Tucker’s Countryside – Vintage Kidlit Summer Week #8

by | Jul 21, 2023 | Books, Reading, Vintage Kidlit Summer | 2 comments

My friend Faith Elizabeth Hough (who blogs HERE) and I decided to create a fun reading challenge called Vintage Kidlit Summer. If you missed any of the details on how this challenge works, just go here and you can catch up! Basically, we’re doing 12 categories over 12 weeks, and each week has its own theme. All you have to do is choose a vintage/classic book that fits that week’s theme, read it, and share about it! You can write about it on your blog, or you can post your thoughts on Instagram (or Twitter) as well, by using the hashtag #vintagekidlitsummer. And if you’re in need of recommendations for each week’s theme, check out this blog post!

Our eighth week’s theme was Talking Animals, and for this theme I chose to re-read Tucker’s Countryside by George Selden. It’s the sequel to The Cricket in Times Square, but I read Tucker’s Countryside before Cricket so I don’t really feel that you need to read them in order! This book is actually one of the first longer books I read as a child (I was maybe seven or eight?), so it was fun to revisit. (I was a very choosy reader as a child. I read slowly, so a book needed to be *amazing* for me to even consider finishing it.)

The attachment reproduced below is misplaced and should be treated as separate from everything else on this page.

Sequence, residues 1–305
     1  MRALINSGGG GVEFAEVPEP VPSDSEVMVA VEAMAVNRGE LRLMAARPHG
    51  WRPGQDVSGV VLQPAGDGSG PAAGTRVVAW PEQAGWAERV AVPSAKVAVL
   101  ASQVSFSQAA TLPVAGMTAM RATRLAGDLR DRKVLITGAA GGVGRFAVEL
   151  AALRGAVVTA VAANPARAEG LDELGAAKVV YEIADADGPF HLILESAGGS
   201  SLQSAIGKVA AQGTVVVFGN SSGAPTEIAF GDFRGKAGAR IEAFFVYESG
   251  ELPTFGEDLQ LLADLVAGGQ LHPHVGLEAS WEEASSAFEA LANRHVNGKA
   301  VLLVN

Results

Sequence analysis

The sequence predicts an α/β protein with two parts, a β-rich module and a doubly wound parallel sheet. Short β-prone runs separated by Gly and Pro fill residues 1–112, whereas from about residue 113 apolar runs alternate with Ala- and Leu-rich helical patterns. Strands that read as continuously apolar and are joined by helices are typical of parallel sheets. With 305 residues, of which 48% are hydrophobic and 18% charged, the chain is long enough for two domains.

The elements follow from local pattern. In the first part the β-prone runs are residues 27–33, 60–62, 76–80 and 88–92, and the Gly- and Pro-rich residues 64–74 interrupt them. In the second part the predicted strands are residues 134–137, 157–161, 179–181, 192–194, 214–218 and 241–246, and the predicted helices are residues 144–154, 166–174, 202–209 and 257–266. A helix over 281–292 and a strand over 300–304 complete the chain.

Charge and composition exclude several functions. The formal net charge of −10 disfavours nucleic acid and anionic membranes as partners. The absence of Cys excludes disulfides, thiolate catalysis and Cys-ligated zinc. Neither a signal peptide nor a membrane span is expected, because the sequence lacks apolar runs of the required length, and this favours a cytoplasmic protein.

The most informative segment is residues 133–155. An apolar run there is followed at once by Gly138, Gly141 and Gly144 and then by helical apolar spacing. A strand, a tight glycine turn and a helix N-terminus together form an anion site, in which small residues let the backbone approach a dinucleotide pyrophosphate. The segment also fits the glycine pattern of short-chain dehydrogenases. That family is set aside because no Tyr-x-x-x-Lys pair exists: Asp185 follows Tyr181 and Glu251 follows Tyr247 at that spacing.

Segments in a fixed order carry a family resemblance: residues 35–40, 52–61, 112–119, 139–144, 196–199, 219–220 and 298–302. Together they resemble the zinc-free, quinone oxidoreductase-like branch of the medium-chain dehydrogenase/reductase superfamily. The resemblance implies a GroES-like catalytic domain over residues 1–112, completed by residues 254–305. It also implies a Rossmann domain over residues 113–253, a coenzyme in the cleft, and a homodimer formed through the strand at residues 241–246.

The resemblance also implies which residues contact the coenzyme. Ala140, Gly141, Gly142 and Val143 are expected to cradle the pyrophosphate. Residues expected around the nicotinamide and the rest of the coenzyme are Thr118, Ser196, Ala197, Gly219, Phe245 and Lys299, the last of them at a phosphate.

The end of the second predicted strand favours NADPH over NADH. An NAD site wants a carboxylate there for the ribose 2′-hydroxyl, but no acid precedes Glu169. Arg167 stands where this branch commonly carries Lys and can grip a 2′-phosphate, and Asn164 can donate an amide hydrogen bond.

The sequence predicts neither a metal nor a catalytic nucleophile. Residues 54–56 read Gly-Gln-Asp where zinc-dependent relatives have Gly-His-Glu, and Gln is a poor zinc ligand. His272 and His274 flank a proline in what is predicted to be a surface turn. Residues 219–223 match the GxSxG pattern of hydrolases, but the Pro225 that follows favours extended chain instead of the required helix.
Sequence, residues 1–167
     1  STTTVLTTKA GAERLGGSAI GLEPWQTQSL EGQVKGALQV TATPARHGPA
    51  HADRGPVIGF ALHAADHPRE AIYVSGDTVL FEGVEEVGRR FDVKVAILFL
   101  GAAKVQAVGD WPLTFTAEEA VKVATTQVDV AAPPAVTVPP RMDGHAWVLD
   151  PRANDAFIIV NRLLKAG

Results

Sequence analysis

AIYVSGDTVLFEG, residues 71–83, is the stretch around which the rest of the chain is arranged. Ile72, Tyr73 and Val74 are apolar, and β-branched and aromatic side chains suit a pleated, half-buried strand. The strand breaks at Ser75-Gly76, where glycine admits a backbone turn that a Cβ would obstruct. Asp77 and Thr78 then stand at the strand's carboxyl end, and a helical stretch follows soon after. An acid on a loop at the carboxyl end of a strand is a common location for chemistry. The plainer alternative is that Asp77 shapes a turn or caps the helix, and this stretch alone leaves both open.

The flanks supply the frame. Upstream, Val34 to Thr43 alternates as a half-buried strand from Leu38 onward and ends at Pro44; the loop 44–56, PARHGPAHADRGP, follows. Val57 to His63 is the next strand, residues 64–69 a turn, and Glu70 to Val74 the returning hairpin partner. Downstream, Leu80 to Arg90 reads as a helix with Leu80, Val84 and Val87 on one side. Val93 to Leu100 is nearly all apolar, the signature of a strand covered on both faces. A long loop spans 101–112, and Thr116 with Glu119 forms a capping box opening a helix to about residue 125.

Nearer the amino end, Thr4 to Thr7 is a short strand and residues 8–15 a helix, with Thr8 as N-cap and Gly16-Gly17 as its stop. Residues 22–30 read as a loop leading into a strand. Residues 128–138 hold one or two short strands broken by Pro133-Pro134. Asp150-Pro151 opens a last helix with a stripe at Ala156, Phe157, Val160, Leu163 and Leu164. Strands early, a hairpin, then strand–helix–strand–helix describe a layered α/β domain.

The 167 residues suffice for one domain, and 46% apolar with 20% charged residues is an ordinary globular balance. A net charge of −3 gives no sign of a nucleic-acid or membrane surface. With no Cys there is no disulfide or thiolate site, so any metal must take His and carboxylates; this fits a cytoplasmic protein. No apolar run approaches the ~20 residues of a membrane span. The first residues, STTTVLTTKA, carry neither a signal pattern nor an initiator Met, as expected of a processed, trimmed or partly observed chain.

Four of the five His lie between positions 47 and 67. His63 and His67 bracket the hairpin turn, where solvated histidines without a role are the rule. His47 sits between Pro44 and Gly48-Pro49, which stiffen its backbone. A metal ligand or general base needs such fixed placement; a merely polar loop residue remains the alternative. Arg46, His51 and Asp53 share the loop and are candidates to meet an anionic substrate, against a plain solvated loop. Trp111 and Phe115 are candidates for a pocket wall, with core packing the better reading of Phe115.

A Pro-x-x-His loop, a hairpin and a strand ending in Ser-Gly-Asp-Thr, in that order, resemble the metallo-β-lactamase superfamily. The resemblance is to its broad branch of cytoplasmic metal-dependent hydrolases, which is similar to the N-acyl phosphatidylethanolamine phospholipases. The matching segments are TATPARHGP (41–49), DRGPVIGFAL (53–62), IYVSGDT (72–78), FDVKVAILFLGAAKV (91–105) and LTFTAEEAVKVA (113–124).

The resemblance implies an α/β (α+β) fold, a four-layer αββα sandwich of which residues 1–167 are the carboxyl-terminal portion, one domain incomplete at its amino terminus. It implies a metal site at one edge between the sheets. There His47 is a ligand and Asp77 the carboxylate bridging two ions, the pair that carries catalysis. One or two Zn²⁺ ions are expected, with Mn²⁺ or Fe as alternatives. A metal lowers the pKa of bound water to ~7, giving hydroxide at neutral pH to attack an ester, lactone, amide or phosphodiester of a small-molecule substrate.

I can totally see why I enjoyed this one so much. It’s a quick, fun, engaging read centering on the characters from Cricket (Chester, Tucker, and Harry) as they attempt to save an endangered meadow full of animals from certain destruction (an apartment building is going to be erected soon). The climax is wonderful: Tucker, a very clever mouse, gets the idea to make it look as if the meadow is a site of “historical significance”—in other words, the original homestead of the town founder—and how the animals accomplish this feat and get away with the “deception” is quite hilarious and well-written.

One of things I like best about Cricket and what I also love here is the juxtaposition of animals and people. They are books that keep you equally invested in the human and animal characters, and they don’t feel like fantasies at all. They’re extremely realistic—well, except for the town making such a big assumption about a certain historical site … 😉

This was a delightful reread, and now I want to revisit the other books in the series!

What did you read for the Vintage Kidlit Summer this week? Let me know in the comments!


  1. Marion

    My choice was Walt Disney’s “Bambi” Bambi strolled in the forest with his mother until a huntsman shot his mother killing her. Bambi was comforted by his friends Thumper the rabbit and Flower the skunk. They told Bambi that he will never be alone as long as they three are together playing in the forest. A beautiful tale of true friendship.

  2. Marilyn

    My choice was Walt Disney’s “Dumbo”. Unfortunately Dumbo was born with large protruding ears. The other elephants and animals laughed and teased Dumbo. Dumbo’s mother caught him crying. She told him he is still beautiful. Dumbo had a special talent, he could fly. There was not another elephant that could fly. Dumbo was later treated with more respect.


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